Best Practices in State Bicycle and Pedestrian Planning: A Guide for Plan Preparation

Florida Metropolitan Planning Organizations with Bicycle and Pedestrian Plans
Florida Metropolitan Planning Organizations
with Bicycle and Pedestrian Plans

Semester: Fall 2005

Lead Faculty: Harrison Higgins, former Director, Florida Planning and Development Lab, FSU

Project Partner: Florida Department of Transportation, Safety Office

Student Assistants: Alex Joyce, Kristin Mixell, Lori Nail, Audrey Smith, Tim Stone, and Stephanie Striefel


Summary: This report, prepared by the Florida Planning and Development Lab, offers recommendations for Best Practices in Bicycle and Pedestrian Planning tailored to meet the needs of the State of Florida. This project was made possible through a Section 402 Grant from the Florida Department of Transportation (FDOT) Safety Office.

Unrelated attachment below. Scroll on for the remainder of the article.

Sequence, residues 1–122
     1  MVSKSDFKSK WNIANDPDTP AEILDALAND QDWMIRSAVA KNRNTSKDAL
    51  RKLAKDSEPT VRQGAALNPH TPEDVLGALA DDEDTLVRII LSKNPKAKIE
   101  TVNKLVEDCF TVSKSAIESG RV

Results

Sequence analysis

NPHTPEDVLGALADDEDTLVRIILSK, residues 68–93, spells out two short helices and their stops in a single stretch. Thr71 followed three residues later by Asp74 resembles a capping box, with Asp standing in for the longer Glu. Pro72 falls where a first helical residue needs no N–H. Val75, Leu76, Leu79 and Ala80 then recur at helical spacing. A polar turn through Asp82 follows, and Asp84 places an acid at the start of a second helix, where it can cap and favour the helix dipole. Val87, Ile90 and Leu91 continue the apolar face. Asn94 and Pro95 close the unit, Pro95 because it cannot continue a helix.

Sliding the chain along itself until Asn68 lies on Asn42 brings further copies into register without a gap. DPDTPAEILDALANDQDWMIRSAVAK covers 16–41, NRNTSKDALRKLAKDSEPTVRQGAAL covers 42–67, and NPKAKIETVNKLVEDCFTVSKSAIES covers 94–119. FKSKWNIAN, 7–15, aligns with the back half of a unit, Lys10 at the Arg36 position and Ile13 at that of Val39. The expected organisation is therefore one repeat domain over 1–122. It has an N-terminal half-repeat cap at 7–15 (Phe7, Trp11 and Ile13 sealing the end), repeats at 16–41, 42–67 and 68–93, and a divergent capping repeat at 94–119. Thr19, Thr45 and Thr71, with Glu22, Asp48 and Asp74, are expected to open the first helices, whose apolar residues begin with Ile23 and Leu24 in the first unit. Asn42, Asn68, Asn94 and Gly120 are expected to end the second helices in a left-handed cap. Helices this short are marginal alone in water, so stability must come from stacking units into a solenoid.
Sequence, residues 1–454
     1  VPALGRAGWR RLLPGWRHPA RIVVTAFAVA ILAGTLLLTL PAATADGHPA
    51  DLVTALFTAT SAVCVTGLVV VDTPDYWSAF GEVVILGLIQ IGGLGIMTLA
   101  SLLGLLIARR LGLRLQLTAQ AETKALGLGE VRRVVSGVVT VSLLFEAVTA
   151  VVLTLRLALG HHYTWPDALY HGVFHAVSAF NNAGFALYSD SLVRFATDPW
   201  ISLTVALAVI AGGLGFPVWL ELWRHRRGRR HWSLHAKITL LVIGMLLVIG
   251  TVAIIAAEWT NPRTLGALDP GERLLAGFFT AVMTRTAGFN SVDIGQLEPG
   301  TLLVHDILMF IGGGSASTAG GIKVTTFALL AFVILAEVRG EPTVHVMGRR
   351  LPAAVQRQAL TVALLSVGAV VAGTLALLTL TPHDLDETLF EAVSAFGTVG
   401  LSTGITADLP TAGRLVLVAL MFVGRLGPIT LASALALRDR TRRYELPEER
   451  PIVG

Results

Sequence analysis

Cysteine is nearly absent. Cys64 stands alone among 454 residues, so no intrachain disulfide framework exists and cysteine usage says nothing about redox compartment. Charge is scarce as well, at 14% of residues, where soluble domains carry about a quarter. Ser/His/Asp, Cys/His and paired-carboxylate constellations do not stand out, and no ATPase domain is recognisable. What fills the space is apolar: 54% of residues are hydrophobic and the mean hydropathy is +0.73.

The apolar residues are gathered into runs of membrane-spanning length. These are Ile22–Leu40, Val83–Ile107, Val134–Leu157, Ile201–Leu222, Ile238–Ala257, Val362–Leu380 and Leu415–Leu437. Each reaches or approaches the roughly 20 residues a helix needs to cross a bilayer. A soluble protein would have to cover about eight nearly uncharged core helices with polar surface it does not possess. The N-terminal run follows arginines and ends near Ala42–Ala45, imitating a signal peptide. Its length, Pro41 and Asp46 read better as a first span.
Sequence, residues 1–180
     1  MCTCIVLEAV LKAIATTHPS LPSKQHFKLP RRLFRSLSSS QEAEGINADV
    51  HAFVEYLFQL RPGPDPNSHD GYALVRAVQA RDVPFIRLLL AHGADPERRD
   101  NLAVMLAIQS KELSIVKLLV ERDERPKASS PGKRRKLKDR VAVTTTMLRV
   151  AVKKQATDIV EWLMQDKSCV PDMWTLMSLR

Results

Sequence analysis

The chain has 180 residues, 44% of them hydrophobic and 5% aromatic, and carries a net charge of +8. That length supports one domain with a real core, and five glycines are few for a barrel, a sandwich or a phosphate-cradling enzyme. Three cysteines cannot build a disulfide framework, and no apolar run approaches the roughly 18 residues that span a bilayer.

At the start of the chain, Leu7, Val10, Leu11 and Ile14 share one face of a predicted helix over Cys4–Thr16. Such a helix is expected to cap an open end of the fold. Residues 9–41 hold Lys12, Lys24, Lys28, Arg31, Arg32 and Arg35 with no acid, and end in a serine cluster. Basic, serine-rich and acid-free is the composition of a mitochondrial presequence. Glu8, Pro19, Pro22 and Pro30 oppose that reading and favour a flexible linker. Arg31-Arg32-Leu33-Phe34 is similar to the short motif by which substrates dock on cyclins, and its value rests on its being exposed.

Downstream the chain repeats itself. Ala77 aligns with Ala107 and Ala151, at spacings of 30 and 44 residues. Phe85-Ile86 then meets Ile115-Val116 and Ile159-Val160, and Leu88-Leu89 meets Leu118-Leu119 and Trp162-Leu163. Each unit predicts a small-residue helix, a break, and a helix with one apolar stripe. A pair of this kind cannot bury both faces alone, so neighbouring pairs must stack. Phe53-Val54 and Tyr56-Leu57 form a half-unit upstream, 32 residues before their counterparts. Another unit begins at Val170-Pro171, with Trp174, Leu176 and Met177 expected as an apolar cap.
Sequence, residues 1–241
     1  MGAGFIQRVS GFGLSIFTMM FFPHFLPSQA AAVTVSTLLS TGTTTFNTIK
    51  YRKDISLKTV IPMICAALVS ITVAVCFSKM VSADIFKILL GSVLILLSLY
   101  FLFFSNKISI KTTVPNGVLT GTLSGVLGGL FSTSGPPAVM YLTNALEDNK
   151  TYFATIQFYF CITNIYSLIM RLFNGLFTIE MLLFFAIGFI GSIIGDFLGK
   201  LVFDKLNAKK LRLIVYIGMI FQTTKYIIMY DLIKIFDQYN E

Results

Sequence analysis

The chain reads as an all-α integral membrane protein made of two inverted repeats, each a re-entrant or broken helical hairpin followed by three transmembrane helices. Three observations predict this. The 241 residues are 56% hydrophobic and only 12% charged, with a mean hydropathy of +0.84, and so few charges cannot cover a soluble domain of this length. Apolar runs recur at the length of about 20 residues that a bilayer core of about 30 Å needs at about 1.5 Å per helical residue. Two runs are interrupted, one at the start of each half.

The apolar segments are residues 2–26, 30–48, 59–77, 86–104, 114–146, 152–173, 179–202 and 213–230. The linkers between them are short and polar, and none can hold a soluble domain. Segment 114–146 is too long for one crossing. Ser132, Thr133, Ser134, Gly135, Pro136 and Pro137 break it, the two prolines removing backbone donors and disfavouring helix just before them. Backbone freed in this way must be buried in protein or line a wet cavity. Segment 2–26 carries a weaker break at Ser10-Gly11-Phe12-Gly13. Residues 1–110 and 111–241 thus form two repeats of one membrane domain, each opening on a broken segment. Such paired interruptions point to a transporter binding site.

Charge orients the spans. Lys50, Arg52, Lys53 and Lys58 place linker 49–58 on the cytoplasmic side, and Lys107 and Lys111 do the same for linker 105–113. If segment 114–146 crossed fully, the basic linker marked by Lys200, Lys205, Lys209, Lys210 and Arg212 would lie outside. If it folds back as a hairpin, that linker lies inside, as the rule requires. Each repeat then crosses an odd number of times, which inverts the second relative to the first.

The report was completed using a variety of analytical methods to determine best practices transferable to the State of Florida. In order to better understand the Florida context, the researchers undertook a review of the current institutional structure of Florida government agencies engaged in bicycle and pedestrian planning. In addition, the researchers examined the peer-reviewed literature concerning bicycle and pedestrian safety, accessibility, and mobility in order to identify empirically-proven best practices.The bicycle and pedestrian plans of other states were reviewed in order to determine the established practices and experimental initiatives in place throughout the country. The relationships of variables found in the literature review were then compared with existing state plan policies in selected case states in order to better understand the degree to which states are using best practices that have shown success in the research. Finally, a case study research method examined the context of states that differed in their presence of a state bicycle and pedestrian plan and fatality and modal choice statistics. Three states with bicycle and pedestrian planning practice were chosen, as well as one state without a bicycle and pedestrian plan. The analysis allowed the researchers to query professionals for information and data found in neither the literature, nor in the state bicycle and pedestrian plans.


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